When Galvanic cells are connected in series to obtain a higher voltage the arrangement is called Battery.
Primary cells are those which can be used so long the active materials are present. Once they get consumed the cell will stop functioning and cannot be re-used. Example Dry Cell or Leclanche cell and Mercury cell.
- Anode: Zn container
- Cathode: Carbon (graphite) rod surrounded by powdered MnO2 and carbon.
- Electrolyte: NH4Cl and ZnCl2
The standard potential of this cell is 1.5 V and it falls as the cell gets discharged continuously and once used it cannot be recharged.
These are used in small equipment like watches, hearing aids.
- Anode: Zn-Hg Amalgam
- Cathode: Paste of HgO and Carbon
- Electrolyte: Paste of KOH and ZnO
The cell potential is approx. 1.35V and remains constant during its life.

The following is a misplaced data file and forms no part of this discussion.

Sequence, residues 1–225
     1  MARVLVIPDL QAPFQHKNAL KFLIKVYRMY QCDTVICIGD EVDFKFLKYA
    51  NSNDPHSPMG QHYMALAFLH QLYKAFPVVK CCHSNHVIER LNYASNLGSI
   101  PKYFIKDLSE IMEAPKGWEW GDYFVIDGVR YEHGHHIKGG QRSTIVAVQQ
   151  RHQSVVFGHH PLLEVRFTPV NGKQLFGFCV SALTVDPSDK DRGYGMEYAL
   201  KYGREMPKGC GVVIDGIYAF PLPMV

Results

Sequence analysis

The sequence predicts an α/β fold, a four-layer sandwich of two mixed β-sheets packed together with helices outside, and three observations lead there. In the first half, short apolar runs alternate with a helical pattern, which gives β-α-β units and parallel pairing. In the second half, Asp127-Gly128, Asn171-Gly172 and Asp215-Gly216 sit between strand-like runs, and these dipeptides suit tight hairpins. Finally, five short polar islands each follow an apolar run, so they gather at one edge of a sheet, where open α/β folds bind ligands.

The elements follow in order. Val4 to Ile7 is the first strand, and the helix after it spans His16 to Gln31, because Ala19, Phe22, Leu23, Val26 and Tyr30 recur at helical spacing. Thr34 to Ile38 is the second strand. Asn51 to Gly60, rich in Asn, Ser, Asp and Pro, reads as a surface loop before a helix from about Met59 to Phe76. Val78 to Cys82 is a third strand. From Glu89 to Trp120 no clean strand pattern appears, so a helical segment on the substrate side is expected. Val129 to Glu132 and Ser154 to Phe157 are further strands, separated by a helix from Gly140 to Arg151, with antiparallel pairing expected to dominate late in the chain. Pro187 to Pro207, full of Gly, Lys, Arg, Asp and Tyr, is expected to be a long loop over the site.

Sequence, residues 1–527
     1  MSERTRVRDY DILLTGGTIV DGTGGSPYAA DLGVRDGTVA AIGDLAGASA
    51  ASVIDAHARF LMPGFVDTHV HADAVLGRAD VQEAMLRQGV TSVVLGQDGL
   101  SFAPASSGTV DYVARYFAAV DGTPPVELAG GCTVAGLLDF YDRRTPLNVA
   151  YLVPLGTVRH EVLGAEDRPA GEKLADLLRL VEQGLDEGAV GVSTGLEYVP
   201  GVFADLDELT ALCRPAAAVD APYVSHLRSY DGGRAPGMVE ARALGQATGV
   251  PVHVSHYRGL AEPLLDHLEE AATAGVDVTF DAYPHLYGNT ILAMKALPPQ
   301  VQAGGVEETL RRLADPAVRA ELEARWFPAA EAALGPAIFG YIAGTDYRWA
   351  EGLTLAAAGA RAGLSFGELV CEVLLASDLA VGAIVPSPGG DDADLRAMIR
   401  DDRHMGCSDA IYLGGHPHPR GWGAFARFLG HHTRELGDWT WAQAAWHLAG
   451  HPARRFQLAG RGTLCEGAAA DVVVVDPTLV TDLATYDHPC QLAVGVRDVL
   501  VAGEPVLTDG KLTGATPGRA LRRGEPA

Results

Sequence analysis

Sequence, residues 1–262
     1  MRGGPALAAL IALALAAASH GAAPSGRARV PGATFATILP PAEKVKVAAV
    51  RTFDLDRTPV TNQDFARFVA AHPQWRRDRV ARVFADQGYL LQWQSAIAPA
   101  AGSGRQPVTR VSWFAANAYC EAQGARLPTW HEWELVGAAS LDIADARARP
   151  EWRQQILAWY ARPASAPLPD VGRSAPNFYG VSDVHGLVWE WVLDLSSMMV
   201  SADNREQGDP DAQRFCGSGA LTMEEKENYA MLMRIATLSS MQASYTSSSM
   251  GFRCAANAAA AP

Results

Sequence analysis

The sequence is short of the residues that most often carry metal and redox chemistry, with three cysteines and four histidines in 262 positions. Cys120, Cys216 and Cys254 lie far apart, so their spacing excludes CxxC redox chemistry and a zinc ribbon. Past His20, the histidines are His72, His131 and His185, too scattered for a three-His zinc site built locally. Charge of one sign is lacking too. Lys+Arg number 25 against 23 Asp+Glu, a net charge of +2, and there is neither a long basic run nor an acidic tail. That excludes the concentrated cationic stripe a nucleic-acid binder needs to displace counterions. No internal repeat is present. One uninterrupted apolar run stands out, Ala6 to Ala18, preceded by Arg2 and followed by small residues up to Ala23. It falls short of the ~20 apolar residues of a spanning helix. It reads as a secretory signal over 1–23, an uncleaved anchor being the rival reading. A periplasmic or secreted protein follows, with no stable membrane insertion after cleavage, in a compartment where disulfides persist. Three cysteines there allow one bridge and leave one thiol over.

Secondary cells are those which can be recharged again and again for multiple uses. e.g. lead storage battery and Ni-Cd battery.
Lead Storage Battery
- Anode: Lead (Pb)
- Cathode: Grid of lead packed with lead oxide (PbO2)
- Electrolyte: 38% solution of H2SO4
- Discharging Reaction
To recharge the cell, it is connected with a cell of higher potential and this cell behaves as an electrolytic cell and the reactions are reversed. Pb(s) and PbO2(s) are regenerated at the respective electrodes. These cells deliver an almost consistent voltage.